Home Security Blog

For many people, moving into a gated community is a monumental change; it signifies moving up in life, being a part of a new income bracket, and succeeding. And there is some truth to that since many gated communities vet new residents thoroughly, and even require that they have a certain income level. In many ways, living in a gated community provides an element of safety that non-gated ones do not. But some of the same characteristics of a gated community that make it safer can also be a danger. Private parks and recreation areas Gated communities usually have private parks and recreation areas. These are a huge relief for parents because they feel safe allowing their children to play here without much supervision. It also means they don’t need to travel far to take their children somewhere to play. But the microcosmic nature created by these private parks can make children feel too at ease. If your child mostly plays in the park in a gated community, he may not have the same awareness and caution that other children… Read more

If you live in a major city, then you know how quickly the landscape can change from one block to the next. One moment you might be passing by five-star hotels, and the next, you could be going down a dark street where a homeless community has set up tents. Micro communities pop up everywhere, based on everything from the industry that has shops there to the cultures that build their religious buildings there. It’s very important to be able to tell from a quick glance what streets are safe to walk down, and which are not. This even extends to suburban areas. So here are some things to look for. Bars on the windows Take a cue from the residents; if they have bars on their windows, they probably don’t live on the safest street. Try to walk down streets where the homes look welcoming, and the residents haven’t put up several barriers to protect themselves against crime. Beware of dog signs There are plenty of ways that people who live in unsafe neighborhoods try to fend off criminals.… Read more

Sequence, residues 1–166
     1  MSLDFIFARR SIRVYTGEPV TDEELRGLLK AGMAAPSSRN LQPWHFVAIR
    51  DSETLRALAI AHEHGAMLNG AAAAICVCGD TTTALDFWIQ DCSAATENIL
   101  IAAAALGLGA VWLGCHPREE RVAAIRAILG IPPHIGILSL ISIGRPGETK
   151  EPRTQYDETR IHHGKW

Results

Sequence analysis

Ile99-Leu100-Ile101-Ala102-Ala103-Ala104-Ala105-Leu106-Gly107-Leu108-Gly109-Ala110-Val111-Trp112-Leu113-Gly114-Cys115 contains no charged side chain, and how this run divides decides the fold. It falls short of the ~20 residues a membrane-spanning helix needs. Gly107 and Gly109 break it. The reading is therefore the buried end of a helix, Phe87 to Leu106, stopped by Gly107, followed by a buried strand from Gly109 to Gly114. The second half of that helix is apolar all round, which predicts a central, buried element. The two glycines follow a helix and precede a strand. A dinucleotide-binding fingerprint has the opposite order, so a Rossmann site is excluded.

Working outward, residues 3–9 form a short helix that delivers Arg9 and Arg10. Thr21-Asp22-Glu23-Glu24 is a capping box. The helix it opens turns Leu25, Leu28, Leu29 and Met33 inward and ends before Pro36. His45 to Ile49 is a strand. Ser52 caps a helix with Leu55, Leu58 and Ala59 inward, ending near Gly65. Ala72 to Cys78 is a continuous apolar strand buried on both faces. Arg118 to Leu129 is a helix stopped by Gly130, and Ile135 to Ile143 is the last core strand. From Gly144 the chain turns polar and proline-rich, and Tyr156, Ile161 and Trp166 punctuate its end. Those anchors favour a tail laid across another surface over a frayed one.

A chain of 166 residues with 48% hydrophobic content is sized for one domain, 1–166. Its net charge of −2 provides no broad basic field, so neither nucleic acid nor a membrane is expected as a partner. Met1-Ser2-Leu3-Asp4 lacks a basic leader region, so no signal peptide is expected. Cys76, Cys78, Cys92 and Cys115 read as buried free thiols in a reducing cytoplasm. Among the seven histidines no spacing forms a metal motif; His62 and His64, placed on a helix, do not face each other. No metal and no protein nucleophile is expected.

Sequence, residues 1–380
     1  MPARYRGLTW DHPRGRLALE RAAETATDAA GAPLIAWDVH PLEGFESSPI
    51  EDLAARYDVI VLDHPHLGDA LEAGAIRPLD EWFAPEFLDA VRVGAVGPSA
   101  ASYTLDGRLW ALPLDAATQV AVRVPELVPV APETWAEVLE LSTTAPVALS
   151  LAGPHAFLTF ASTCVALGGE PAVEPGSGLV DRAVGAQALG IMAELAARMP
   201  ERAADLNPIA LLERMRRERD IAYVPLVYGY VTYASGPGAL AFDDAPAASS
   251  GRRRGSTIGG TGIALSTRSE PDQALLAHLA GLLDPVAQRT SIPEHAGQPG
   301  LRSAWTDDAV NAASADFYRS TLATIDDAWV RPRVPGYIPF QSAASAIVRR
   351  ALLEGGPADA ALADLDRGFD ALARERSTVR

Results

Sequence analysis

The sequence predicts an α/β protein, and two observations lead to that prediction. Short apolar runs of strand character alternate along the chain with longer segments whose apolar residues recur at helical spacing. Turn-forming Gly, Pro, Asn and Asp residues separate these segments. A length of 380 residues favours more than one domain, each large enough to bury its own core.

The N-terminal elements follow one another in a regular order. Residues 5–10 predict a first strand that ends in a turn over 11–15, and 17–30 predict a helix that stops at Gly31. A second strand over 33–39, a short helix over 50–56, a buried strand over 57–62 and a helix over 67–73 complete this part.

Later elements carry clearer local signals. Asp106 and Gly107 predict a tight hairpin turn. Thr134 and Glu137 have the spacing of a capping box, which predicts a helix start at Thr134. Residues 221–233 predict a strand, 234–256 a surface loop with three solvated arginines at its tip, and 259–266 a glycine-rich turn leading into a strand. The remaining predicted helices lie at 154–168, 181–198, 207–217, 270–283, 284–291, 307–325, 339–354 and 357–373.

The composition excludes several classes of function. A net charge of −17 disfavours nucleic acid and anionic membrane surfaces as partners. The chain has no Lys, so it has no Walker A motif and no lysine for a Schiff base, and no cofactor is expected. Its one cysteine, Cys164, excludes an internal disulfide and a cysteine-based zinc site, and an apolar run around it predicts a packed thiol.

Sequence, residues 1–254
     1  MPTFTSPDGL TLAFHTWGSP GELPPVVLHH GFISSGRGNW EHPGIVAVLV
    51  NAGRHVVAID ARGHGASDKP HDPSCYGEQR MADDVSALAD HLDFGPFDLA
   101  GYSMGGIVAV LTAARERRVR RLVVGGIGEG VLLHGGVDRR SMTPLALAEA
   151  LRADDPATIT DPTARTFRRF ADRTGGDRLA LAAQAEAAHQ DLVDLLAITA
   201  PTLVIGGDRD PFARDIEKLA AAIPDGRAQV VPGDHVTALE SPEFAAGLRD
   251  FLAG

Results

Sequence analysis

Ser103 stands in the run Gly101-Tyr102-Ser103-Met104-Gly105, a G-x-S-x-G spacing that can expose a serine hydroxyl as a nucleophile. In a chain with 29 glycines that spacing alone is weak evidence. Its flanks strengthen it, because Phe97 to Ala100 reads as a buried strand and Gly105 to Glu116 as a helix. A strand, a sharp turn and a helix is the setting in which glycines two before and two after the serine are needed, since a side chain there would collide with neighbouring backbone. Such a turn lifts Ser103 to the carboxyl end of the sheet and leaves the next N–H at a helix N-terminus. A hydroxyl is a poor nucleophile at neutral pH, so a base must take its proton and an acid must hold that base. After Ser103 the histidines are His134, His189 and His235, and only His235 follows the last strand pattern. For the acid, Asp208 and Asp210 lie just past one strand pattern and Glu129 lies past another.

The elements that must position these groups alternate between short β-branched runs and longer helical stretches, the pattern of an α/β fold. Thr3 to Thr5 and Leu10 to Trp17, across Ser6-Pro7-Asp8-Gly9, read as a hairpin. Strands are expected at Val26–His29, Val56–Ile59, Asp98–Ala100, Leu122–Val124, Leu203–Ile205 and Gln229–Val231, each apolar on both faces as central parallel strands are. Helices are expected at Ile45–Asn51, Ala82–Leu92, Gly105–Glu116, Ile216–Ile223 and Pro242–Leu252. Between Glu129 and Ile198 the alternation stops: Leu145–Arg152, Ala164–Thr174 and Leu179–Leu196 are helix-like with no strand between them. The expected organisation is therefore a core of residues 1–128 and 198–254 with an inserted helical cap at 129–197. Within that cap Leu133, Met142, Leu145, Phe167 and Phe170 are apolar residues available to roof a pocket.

Moving into an up and coming neighborhood can be a smart financial decision. These neighborhoods usually still enjoy property prices that are relatively low compared to already “up” neighborhoods. If you buy or rent a home in one before it’s been fully developed and changed, you can get the best of both worlds; the cost of a home in an undesirable neighborhood, right in the middle of what is becoming a very desirable neighborhood. But, up and coming neighborhoods are, as the saying states, still in transition. So there are some things to consider. Empty lots Up and coming neighborhoods tend to have a lot of empty lots. These are left over from older apartment buildings and businesses that have been leveled to make room for more modern buildings. But while these lots are still empty, they can attract squatters, crime, and even wild animals looking to eat the trash left over. Don’t walk by these at night time—take an alternative path if they’re on your way to a restaurant or other business. Abandoned and empty buildings Some buildings may… Read more

Running outdoors can be far superior to running on a treadmill in the gym. Why stare at the same wall when you can pass by charming cafes, be in nature, and see the world? Well, there is one reason: safety. There is no knowing what or whom you’ll encounter when you’re a jogger, especially if you like to run at night. So here are important safety tips for daily joggers. Change your route If someone has been following you on your runs, keeping track of when and where you jog, it will be very easy for them to attack you. So run at different times every day, and alter your route as much as possible. This makes it very hard for someone to predict where they can find you. Ideally, you should run during the day and never after dark. Wear neon If you’re already spending money on special jogging clothes, make them neon. This is not only important for making you visible to cars at night, but it makes you less of a target for attackers. The brighter you… Read more

Halloween has a way of bringing the community together. If you have children, you walk around, knocking on doors, hoping for candy and meeting some neighbors you never knew before. If you don’t have kids, maybe you set up shop on your porch with candy for your neighbors’ children, and some spiked cider for your adult friends. Halloween certainly does bring the neighborhood together, but it also brings them outside, away from their homes, and off their guard. Those are just some of the reasons that burglars love Halloween. Here are some more. They can pose as trick or treaters Burglars can easily show up at your door in costume, pretending to want candy, but actually scoping out your home. When you open the front door, they can get a look inside, see where your big screen TV sits and see if you have a security system by the front door. If you want to give out candy, sit on your porch and greet trick or treaters there, rather than opening your front door. And if nobody answers the door…… Read more